By Bobby Harrison/NEMS Daily Journal
JACKSON – Believe it or not, Republicans in the Mississippi Legislature might be more gung-ho to enact a portion of the controversial federal Affordable Care Act than their Democratic colleagues.
The Legislature is considering a proposal to establish a health insurance exchange. The exchange is a key component of the Affordable Care Act passed in 2010 that dramatically increases the number of Americans with health care coverage and puts limitations on insurance companies’ ability to drop coverage. The exchanges have been described as a one-stop shop where people can go to pick out the insurance policy that best suits their needs. In theory, the insurance rates will be cheaper because of the large number of people participating in the exchanges.
States are supposed to have the exchanges up and running by 2014. If the states don’t set up an exchange, then the federal government will step in and do it.
Some Republicans, convinced that the health care law is going to be found unconstitutional, have said there is no need to worry about establishing the exchanges.
But there are some problems with that logic.
First of all, the part of the law that some believe is unconstitutional is the individual mandate that requires most Americans to have health insurance. True, a federal judge in Florida said the whole law is unconstitutional.
Most legal scholars, though, even those opposed to the individual mandate, question the validity of that ruling.
Plus, a lot of people want the exchanges to stay in existence.
Heck, Republican Gov. Haley Barbour was talking about establishing a health care exchange in Mississippi during his re-election campaign in 2007.
At the time, he was focusing on the exchanges as a mechanism for small businesses to use to purchase insurance for their employees.
Under the federal model, the exchanges could be used by small businesses and individuals as a one-stop shop to find health care coverage.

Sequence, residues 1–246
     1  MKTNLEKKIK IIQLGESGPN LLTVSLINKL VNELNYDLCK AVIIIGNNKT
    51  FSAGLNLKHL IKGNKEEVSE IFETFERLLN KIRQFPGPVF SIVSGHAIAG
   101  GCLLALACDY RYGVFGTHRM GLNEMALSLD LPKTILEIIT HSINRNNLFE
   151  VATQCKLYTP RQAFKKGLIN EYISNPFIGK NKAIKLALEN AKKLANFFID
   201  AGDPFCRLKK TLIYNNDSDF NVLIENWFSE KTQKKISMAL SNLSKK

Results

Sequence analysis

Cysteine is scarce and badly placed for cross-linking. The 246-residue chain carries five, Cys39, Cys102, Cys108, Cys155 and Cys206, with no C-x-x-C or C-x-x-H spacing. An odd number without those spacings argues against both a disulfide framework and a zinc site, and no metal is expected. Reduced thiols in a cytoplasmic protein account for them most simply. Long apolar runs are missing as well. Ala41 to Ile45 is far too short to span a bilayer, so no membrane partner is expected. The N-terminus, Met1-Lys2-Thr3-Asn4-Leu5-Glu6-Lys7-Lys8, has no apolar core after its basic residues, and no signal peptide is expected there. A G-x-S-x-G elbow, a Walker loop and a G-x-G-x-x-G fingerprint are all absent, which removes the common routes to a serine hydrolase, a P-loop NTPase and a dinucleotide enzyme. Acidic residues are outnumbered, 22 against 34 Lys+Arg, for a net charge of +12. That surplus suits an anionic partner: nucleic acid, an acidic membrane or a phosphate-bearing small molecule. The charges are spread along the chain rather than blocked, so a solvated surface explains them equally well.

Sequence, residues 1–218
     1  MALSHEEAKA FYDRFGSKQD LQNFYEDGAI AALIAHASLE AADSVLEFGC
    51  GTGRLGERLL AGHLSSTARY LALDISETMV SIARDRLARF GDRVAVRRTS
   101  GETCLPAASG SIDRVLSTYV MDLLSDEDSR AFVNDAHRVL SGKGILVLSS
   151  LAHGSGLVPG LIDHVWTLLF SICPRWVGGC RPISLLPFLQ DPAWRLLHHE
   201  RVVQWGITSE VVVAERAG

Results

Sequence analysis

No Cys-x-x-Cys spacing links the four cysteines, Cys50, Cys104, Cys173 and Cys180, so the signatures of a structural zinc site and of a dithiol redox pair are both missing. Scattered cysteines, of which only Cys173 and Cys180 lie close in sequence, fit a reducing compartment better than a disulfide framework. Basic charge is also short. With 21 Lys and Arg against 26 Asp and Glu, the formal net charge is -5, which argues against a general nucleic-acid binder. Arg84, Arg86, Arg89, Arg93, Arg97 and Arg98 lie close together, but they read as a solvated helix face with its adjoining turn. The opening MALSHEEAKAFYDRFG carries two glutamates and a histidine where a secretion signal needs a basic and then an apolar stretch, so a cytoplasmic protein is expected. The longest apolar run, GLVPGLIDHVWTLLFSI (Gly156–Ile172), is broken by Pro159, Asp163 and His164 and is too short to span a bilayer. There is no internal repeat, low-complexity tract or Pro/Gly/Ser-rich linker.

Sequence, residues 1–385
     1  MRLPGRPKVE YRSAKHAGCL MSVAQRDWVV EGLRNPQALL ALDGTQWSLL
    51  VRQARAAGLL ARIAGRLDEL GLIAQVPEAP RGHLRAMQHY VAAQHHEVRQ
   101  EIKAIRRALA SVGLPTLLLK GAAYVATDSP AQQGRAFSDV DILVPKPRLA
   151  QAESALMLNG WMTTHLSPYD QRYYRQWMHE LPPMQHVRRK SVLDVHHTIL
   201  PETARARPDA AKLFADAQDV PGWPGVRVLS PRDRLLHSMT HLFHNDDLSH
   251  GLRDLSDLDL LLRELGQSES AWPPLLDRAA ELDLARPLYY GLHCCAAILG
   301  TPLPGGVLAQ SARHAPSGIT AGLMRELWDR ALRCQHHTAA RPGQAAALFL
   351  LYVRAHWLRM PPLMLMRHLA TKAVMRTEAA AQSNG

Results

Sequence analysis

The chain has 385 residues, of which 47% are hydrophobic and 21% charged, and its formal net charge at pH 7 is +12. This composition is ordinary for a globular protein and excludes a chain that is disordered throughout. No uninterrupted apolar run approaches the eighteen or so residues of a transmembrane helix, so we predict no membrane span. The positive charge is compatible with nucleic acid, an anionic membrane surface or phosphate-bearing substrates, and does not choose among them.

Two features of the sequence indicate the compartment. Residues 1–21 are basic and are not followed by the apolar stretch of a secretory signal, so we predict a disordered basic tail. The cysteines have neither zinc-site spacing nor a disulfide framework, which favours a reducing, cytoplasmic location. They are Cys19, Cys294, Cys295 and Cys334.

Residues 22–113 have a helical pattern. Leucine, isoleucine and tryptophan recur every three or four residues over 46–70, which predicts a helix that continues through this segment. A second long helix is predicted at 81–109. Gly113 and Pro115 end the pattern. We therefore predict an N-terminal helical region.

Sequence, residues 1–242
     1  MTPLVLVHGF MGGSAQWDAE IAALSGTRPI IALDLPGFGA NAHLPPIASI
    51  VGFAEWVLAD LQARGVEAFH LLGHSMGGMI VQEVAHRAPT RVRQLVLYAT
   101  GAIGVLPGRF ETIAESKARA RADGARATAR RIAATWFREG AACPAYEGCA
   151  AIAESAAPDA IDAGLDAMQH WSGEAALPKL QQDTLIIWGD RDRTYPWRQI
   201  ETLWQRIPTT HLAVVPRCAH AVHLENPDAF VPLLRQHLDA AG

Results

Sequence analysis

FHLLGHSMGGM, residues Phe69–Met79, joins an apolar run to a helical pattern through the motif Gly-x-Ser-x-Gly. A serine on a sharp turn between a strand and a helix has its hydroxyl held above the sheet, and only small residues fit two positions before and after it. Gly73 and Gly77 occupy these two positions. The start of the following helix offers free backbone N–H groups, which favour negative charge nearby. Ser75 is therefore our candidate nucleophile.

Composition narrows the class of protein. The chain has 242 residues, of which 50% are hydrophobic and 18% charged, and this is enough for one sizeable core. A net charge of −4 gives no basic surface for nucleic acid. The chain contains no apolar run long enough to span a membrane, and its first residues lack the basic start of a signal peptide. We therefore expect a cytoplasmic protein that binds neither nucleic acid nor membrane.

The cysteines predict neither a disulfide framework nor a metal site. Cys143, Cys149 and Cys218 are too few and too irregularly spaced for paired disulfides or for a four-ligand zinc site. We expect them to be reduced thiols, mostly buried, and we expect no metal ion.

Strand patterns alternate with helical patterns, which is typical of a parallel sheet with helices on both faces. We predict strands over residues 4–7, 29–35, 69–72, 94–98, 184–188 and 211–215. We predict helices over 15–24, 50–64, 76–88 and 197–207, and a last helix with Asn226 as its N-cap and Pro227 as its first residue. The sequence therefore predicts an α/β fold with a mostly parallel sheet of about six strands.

Barbour has stated that he is still interested in establishing an exchange in Mississippi. He has $1.5 million in his budget proposal to do just that.
The request for money in what is a difficult budget year for the state is a bit puzzling since there are federal funds available to pay for most if not all of the cost of setting up the exchange.
Barbour and Republicans have two reasons to want to pass an exchange in the Mississippi Legislature.
First, they want to determine how the exchange will look instead of letting the federal government develop it.
And second, as already stated, Barbour has been an exchange supporter for some time.
If he runs for president, as he is expected to do, he needs to be able to tout some type of health care credentials. Regardless of how people feel about the health care law, most Americans agree that the current system is not working and changes need to be made.
In 2012, they will be looking for presidential candidates who oppose the Affordable Care Act to provide an alternative.
Let’s face it, there is not much in terms of health care that Mississippi and Barbour can tout. We have some good physicians and medical providers, but not enough of them. We are known as the least healthy state in the country.
Most of the news Barbour has made in terms of health care has been for the efforts of his administration to curtail coverage – whether it was the effort to remove 60,000 working poor and elderly from the Medicaid rolls in his first term or to increase the tax on hospitals or to allegedly make it more difficult for some disabled children to receive Medicaid coverage.
Barbour needs something he can point to and say he made an effort to improve health care in Mississippi.
The health care exchange would give him something to tout.
On the other hand, some legislative Democrats may figure that the federal government rather than Barbour and legislative Republicans might fashion an exchange in a way to ensure more Mississippians are covered.
So in this particular case, it might be Republicans more than the Democrats in the Legislature interested in enacting a portion of the controversial health care law.
Bobby Harrison is the Daily Journal’s Capitol Bureau Chief. Contact him at firstname.lastname@example.org or call (601) 353-3119.